8 results in English
The Radiances of Revelation and the Mysteries of Exegesis
Kitāb anwār al-tanzīl wa asrār al-ta’wīl (The radiances of revelation and the mysteries of exegesis) is the best-known work of the 13th century savant, ʻAbdallāh ibn ʻUmar al-Bayḍāwī (died circa 1286). As the title indicates, the subject of the work is Qur’anic exegesis. After an introduction in which al-Bayḍāwī praises the science of al-tafsīr (exegesis) as the principal religious science and the basis for sharia (Islamic law), the text of the Qur’an follows, with each ayah (verse) appearing in red ink accompanied by an explanatory passage in ...
Contributed by Library of Congress
Emblems: With Many Images from Ancient Works; by Ján Sambucus of Tyrnavia in Pannonia
Emblemata: Cvm Aliqvot Nvmmis Antiqvi Operis (Emblems: with many images from ancient works) is by the notable Slovak poet, polymath, publisher, collector, and university professor Ján Sambucus (also known as János Zsámboki, 1531−84). Born in Trnava (also referred to as Tyrnavia) in western Slovakia, Sambucus was considered to be the outstanding humanistic personality of Central Europe. He maintained contacts with many European scholars, with whom he collaborated in his publishing and collecting activities and his historical research. A substantial part of his life was spent at the imperial court ...
Contributed by Slovak National Library
A Modern and Quite Precise Depiction of America (or the Fourth Part of the World)
In 1554, Diego Gutiérrez was appointed principal cosmographer to the king of Spain in the Casa de la Contratación. The crown commissioned the Casa to produce a large-scale map of the western hemisphere, often called the “fourth part of the world.” The purpose of the map was to assert Spain’s claims to new world territories against the rival claims of Portugal and France. Spain claimed all lands south of the Tropic of Cancer, which is shown prominently. The map was engraved by the famous Antwerp engraver Hieronymus Cock, who ...
Contributed by Library of Congress
Exlibris
Wolfgangus Lazius is the Latinized name of Wolfgang Laz (1514–65), an Austrian humanist, historian, cartographer, and physician who produced the first set of maps of the hereditary lands of the Austrian crown. Lazius was professor of medicine on the faculty of the University of Vienna, where he was several times dean and rector. Emperor Ferdinand I appointed him his personal physician, historiographer, and adviser, as well as curator of the imperial collections. Like many 16th century scholars trained in the sciences, Lazius was drawn to the emerging art of ...
Contributed by Austrian National Library
The Drawing of the Modern Geography of the Whole Africa
This rare map from 1564 printed on eight copperplates is the finest and most important large-scale map of Africa produced in the 16th century. Earlier maps were mostly printed from woodcuts; copperplates allowed the engraver to reproduce much more detail and finesse. The map was made by the Italian cartographer, engineer, and astronomer Giacomo Gastaldi (circa 1500–66) and engraved by Fabricius Licinus (circa 1521–65). The map depicts a stippled sea, ships, and sea creatures, both real and mythical. The interior is covered by mountains that are shaded on ...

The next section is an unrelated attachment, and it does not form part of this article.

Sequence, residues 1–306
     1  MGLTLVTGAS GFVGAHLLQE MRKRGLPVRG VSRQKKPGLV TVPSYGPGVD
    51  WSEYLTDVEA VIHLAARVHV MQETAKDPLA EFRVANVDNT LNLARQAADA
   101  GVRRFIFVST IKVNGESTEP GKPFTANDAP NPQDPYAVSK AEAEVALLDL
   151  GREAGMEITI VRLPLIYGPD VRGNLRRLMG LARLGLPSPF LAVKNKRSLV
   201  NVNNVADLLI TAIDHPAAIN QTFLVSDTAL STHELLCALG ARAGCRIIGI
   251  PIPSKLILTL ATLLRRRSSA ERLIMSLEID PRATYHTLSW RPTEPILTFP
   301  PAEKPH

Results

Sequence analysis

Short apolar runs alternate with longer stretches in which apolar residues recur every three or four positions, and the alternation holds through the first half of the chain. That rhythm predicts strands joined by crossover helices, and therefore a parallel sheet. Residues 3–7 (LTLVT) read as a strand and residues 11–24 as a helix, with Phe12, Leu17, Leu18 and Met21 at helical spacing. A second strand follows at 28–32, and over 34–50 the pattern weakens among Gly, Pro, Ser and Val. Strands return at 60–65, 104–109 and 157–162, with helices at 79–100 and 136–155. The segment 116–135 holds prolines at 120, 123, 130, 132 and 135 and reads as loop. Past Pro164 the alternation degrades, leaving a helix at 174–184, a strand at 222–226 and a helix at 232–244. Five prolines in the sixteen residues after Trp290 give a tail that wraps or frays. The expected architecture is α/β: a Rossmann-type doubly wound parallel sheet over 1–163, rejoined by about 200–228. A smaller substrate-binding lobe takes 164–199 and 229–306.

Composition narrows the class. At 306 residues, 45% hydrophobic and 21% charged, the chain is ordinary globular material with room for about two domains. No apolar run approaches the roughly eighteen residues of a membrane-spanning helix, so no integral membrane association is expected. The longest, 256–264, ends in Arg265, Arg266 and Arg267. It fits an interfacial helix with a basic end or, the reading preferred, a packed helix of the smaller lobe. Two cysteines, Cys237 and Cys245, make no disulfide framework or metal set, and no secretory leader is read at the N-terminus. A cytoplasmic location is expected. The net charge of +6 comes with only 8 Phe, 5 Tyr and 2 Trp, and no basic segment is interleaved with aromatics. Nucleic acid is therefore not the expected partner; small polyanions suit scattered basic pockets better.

Painting of the Governor, Mayors, and Rulers of Mexico
This 16th-century pictographic manuscript, written in Mexico, contains the declarations of the defendants and witnesses in an investigation into charges of misrule and abuse against Viceroy Don Luis de Velasco and other Spanish authorities in New Spain, as Mexico was then called. The investigation was carried out in 1563–66 by Don Jeronimo de Valderrama, who was sent to Mexico for this purpose by order of Philip II of Spain. The people and their statements are represented through pictographs, followed by an explanation in Nahuatl and Castilian Spanish for the ...
Contributed by National Library of Spain
Brazil
This early map of Brazil is by Jacopo Gastaldi (circa 1500-circa 1565), a Piedmontese cartographer who worked in Venice and rose to the position of cosmographer of the Venetian Republic. Gastaldi produced maps and illustrations for parts of Delle Navigationi et Viaggi (Travels and voyages), a compilation of travel writings by the Venetian diplomat and geographer Giovanni Battista Ramusio (1485-1557). Ramusio’s work contained more than 50 memoirs, including the writings of Marco Polo.
Soldiers with Cannon Gathered outside Village, Circa 16th Century
This 1564 engraving is a print from an original work by the great German artist Albrecht Dürer (1471–1528). It depicts mercenary troops known as Landsknechte, literally “servants of the country,” gathered near a large cannon on a road outside a village in the valley. These figures have been identified as Ottoman Turks, who began to appear with increasing frequency in European engravings of the late 15th–early 16th century, following the capture of Constantinople by the Turks in 1453. The Dürer print includes heraldic symbols of Nuremberg on the ...
Contributed by Brown University Library